WASHINGTON -- The Washington Capitals were celebrating their 2018 championship when forward T.J. Oshie stepped to the podium at the rally following their Stanley Cup parade and boldly suggested they could do it again this season by leading the raucous crowd in a chant.
"Back to back!"
The Capitals' quest to make Oshie's chant a reality is about to begin. They open the Eastern Conference First Round against the Carolina Hurricanes at Capital One Arena on Thursday (7:30 p.m. ET; USA, SN360, TVAS, FS-C, NBCSW) with a belief no previous Capitals team has carried into the Stanley Cup Playoffs.
"I just had so much confidence in what we were able to bring out in each other and so much confidence in how we played the game that if we stuck together and played for each other like we did during last year's run that we'd have a realistic chance at doing it again," Oshie said. "We got the first part done, the regular season. We put ourselves in a good position, and now the fun begins."
The Capitals (48-26-8) finished first in the Metropolitan Division for the fourth straight season with a roster that closely resembles the one that won the Cup last season. They won't have defenseman Michal Kempny for the playoffs because of a torn left hamstring, but of the other players who dressed for their clinching Game 5 win against the Vegas Golden Knights in the Stanley Cup Final, only backup goalie Philipp Grubauer (Colorado Avalanche) and fourth-line forward Jay Beagle (Vancouver Canucks) are gone. Forward Devante Smith-Pelly, who finished the season with Hershey of the American Hockey League, is expected to be recalled.
The biggest change for Washington was behind the bench with Todd Reirden being promoted from associate to replace Barry Trotz after Trotz was unable to agree to a new contract, resigned and was hired by the New York Islanders. With that transition going smoothly, it's understandable that the Capitals believe they can win again.
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"We basically have the same team," captain Alex Ovechkin said. "That experience we have is going to help us a lot."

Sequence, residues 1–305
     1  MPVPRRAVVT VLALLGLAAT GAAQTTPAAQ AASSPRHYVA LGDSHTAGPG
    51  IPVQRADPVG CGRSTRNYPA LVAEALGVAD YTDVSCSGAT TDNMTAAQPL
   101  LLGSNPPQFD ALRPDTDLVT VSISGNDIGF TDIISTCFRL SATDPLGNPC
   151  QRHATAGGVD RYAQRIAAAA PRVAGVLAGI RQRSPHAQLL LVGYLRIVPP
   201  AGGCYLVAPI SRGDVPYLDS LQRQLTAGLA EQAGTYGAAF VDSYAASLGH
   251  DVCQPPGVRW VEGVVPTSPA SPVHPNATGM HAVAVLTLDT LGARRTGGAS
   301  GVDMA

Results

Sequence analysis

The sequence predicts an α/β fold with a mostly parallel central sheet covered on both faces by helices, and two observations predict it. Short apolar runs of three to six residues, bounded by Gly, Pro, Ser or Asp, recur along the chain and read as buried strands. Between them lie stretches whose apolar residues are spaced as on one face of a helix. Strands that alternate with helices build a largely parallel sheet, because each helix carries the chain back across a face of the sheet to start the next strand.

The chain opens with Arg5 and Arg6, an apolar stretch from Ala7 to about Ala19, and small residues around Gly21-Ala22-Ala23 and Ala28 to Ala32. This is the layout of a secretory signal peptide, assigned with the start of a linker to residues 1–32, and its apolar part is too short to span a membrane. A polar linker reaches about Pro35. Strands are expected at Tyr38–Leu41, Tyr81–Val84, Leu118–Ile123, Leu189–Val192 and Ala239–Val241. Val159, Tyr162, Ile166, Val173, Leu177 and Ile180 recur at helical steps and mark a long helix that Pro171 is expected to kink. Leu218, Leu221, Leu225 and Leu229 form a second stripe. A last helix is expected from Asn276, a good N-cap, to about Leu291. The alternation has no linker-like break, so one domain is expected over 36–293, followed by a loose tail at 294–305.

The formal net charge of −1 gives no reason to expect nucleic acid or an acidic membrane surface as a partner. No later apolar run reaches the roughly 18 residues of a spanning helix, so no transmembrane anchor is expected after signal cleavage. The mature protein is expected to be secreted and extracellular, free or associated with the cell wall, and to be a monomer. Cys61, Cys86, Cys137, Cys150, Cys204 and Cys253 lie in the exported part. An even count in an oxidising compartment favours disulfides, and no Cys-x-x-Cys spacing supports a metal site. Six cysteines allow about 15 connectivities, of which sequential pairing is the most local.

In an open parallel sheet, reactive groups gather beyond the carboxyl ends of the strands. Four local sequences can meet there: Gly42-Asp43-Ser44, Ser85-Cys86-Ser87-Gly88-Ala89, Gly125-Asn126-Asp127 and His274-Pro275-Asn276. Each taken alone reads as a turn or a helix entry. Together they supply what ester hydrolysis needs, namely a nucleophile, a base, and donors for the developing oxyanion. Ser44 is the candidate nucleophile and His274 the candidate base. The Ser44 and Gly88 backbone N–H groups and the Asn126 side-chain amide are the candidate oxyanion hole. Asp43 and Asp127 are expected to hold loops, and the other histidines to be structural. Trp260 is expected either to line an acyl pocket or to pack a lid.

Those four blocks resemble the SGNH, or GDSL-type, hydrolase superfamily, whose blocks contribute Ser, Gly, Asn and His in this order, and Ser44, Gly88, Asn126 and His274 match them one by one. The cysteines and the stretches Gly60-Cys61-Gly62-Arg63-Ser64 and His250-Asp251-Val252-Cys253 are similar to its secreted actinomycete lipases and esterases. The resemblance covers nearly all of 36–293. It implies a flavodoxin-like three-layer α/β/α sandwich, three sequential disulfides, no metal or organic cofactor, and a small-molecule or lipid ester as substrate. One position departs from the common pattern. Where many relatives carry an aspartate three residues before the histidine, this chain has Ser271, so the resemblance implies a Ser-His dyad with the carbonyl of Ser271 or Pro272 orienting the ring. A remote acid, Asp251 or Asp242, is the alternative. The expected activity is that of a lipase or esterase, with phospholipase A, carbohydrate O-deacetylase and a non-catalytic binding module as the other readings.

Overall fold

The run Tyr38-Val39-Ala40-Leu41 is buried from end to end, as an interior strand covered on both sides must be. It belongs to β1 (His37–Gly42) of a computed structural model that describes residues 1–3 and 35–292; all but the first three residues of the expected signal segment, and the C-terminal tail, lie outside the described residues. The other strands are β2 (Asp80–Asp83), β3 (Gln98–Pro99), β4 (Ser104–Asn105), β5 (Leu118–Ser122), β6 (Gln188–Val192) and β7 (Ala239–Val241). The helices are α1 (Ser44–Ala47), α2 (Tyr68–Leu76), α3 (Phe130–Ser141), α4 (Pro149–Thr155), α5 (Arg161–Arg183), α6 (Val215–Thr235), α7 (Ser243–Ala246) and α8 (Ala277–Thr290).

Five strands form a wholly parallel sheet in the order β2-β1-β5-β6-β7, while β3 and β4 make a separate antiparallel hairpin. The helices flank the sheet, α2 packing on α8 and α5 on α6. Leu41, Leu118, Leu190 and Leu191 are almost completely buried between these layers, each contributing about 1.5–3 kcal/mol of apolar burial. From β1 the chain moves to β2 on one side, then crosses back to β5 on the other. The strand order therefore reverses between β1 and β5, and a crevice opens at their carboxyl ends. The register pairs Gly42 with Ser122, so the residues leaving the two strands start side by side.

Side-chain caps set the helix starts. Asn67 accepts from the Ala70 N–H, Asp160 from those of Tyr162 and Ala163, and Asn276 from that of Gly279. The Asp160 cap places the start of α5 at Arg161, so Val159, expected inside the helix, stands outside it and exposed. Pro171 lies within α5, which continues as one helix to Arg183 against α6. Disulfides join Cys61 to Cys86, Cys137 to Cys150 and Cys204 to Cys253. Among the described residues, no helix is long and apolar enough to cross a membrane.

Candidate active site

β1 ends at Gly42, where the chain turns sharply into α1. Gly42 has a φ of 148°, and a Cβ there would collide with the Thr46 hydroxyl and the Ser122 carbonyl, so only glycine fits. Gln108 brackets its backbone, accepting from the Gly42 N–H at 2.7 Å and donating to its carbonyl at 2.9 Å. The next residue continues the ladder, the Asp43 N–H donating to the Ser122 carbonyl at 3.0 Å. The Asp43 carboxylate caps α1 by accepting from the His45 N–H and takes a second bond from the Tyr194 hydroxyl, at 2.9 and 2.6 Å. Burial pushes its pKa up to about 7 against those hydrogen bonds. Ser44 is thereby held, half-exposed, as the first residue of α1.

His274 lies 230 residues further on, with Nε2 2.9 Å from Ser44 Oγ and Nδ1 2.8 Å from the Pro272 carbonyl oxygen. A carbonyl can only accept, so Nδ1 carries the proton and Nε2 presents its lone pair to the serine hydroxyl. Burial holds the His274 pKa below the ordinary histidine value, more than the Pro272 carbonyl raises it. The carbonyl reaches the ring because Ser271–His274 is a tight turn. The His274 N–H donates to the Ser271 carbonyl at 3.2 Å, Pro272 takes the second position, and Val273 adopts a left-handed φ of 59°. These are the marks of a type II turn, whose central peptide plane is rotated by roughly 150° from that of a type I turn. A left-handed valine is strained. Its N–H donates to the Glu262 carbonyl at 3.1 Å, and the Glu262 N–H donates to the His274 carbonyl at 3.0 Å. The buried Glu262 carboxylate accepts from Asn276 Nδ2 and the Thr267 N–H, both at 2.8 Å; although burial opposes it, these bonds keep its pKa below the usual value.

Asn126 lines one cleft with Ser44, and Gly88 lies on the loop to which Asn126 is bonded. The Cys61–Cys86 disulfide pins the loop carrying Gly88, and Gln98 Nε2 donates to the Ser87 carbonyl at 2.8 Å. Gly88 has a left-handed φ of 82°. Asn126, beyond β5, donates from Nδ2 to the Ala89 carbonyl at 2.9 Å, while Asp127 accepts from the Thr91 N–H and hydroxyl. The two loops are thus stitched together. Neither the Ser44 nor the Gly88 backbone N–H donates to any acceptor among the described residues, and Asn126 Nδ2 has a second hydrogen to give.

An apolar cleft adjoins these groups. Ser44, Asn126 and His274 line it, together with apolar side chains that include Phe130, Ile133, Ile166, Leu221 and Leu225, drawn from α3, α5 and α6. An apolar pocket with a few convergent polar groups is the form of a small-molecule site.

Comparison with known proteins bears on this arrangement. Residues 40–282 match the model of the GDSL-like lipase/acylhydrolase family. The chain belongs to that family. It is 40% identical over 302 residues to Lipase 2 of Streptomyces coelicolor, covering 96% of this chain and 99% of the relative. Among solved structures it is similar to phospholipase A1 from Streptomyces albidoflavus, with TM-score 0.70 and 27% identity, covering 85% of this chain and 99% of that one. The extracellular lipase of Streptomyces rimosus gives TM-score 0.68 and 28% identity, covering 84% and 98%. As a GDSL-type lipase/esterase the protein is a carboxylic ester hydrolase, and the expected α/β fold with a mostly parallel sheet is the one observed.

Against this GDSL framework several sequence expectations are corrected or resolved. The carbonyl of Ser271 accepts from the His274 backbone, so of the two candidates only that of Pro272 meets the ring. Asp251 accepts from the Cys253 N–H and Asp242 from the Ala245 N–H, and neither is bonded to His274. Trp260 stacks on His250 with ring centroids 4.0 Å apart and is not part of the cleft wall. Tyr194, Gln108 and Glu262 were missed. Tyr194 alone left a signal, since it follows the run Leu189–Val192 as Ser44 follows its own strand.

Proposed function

The Capitals know how difficult it was to win the Cup once. Before last season, their four-game loss to the Detroit Red Wings in 1998 was their only appearance in the Stanley Cup Final, and they hadn't advanced beyond the second round in the playoffs since.
So winning again won't be easy. Before the Pittsburgh Penguins won the Cup in 2016 and 2017, no team had repeated as NHL champions since the Red Wings won in 1997 and 1998.
But last season's championship has transformed the Capitals' previously fragile psyche.
"We have every chance like anyone else in the playoffs," center Nicklas Backstrom said. "I feel like a lot of teams are good this year and anything can happen. But the good thing is we've got a chance to do it again, and we're going to do everything in our power to try to."
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Forward Carl Hagelin, who was acquired from the Los Angeles Kings on Feb. 21, won the Cup with Pittsburgh in 2016 and 2017 and his repeat experience could prove invaluable for the Capitals. In fact, Reirden has met with Hagelin to pick his brain about what he went through with the Penguins.
"Every team is different, but there's always a couple pointers I can give them," Hagelin said. "There's always hard moments throughout the playoffs, but I think the second time there might just be more harder times and you've just got to stick with it. You've got to realize what you did the year before to be successful and you've got to realize it won't be easier."
The Capitals' road to the Cup last season was far from smooth. They lost the first two games at home against the Columbus Blue Jackets in the first round before Lars Eller's goal in double overtime of Game 3 turned that series around.
They also trailed in each of their other three playoffs series.
"Those are some of the positives that we can look back on just dealing with situations where you're down 0-2 in a series and you still believe," Reirden said. "You still believe in the guy next to you. You still believe in the system that you're doing. You still believe in all the work you've done all year that if you continue to trust and believe in it that it can come true and that's something that no one can take from us."
Any questions about whether the Capitals would be hungry enough to win again seemed to be answered almost 10 months ago when Oshie began that chant. As fun as it was to win and celebrate then, that long-awaited taste of success is driving them to do it again.
"You make a lot of sacrifices out there to get the job done," Oshie said. "You play through a lot of injuries. You take a lot of shots. You put forth a lot of effort. But once the celebrations come around and your day with the Cup and you look back on those days, I don't know how you can't think it was all worth it. So, I don't expect us to take a step back and not leave everything out there."